After an 11-game losing streak knocked his team out of contention for 2012, Indians manager Manny Acta is looking ahead towards next year.
“It’s no secret, we’re going to need to improve our offense,” Acta told Paul Hoynes of the Cleveland Plain Dealer. “We’re going to have to find a solution in left field, we’re going to have to find a solution at first base and we’re going to have to find a solution at DH. That’s pretty obvious.
“And the third base situation is not determined either. Lonnie [Chisenhall] has a broken arm. The guys that are here right now are fine and doing what they can, but we expect more.”
They may expect it, but they weren’t willing to pay for it previously, which is how they wound up with bargain-basement players Casey Kotchman, Johnny Damon, Shelley Duncan and Jose Lopez getting a bunch of at-bats this year.
At least the Indians will finally be out from under Travis Hafner’s contract this winter. Hafner is still pretty productive when he plays, but since he can’t even stay healthy as a DH, the Indians might not want him back even at a huge paycut. The Indians will also likely move on from Grady Sizemore now that they have Michael Brantley established in center field.
It should give them a fair amount of money to play with as they address their lineup. Considering that they’re completely set up middle with Brantley, Asdrubal Cabrera, Jason Kipnis and Carlos Santana and they’ll still have Shin-Soo Choo in right for another year, they should have the ability to put together a much improved lineup without having to completely revamp the budget.
Ken Rosenthal of The Athletic reports that Major League Baseball has rejected the MLBPA’s proposal for a 114-game season and said it would not send a counter offer. The league said it has started talks with owners “about playing a shorter season without fans, and that it is ready to discuss additional ideas with the union.”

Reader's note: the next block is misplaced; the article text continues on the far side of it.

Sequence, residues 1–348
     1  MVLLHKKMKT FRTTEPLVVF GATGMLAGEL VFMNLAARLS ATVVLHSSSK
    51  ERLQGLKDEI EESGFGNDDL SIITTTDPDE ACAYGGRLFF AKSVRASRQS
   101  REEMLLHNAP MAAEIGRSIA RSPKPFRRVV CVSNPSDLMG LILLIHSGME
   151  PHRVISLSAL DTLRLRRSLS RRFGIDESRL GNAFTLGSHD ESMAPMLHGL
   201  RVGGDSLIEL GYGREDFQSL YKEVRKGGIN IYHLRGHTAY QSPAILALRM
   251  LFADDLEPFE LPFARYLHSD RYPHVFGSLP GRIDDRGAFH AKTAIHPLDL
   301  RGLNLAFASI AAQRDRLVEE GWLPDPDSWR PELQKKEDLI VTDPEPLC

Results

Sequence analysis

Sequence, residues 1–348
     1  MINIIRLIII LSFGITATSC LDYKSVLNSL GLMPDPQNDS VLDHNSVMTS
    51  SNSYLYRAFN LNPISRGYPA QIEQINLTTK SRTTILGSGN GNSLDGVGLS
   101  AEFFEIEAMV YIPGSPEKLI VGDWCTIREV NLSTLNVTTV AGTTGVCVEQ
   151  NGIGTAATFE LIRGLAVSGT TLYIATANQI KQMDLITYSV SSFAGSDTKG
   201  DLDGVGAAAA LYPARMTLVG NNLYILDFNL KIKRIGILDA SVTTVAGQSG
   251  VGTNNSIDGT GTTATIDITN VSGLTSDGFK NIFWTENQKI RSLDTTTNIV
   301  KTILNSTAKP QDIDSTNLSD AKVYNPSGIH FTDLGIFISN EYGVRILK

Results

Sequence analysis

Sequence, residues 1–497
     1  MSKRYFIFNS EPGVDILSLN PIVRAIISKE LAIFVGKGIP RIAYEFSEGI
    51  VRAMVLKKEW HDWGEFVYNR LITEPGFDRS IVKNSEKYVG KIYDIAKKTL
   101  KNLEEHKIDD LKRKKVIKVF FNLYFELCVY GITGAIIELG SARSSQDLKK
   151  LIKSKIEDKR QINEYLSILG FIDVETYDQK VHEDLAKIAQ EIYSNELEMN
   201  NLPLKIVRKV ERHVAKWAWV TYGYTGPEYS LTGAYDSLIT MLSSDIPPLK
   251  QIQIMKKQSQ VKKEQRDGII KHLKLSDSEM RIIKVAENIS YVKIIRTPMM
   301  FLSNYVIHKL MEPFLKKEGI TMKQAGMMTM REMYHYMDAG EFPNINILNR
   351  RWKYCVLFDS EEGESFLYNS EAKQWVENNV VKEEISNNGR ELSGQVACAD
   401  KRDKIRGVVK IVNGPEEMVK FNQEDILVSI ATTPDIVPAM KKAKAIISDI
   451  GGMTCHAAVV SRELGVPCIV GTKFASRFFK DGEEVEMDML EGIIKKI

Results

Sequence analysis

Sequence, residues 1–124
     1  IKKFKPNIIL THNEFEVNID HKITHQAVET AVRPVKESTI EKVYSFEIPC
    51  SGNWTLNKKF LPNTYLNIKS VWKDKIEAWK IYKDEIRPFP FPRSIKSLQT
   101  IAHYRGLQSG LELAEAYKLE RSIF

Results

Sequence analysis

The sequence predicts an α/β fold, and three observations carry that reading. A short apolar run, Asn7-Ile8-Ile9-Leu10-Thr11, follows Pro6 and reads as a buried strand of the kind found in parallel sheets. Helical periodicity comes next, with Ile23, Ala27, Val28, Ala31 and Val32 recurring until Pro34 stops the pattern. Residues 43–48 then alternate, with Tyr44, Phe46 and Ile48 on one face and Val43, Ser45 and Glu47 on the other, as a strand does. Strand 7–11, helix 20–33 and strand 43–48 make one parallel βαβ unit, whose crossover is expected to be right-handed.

This should be understood as a game of chicken.
The background here is that the the owners are pretty much locked into the idea of paying players a prorated share of their regular salaries based on number of games played. The players, meanwhile, are pretty much locked in to the idea that the owners can set the length of the season that is played. Each side is trying to leverage their power in this regard.
The players proposed a probably unworkable number of games — 114 — as a means of setting the bidding high on a schedule that will work out well for them financially. Say, a settled agreement at about 80 games or so. The owners were rumored to be considering a counteroffer of a low number of games — say, 50 — as a means of still getting a significant pay cut from the players even if they’re being paid prorata. What Rosenthal is now reporting is that they won’t even counter with that.
Which is to say that the owners are trying to get the players to come off of their prorated salary rights under the threat of a very short schedule that would end up paying them very little. They won’t formally offer that short schedule, however, likely because (a) they believe that the threat of uncertain action is more formidable; and (b) they don’t want to be in the position of publicly demanding fewer baseball games, which doesn’t look very good to fans. They’d rather be in the position of saying “welp, the players wouldn’t talk to us about money so we have no choice, they forced us into 50 games.”
In other news, the NBA seems very close to getting its season resumed.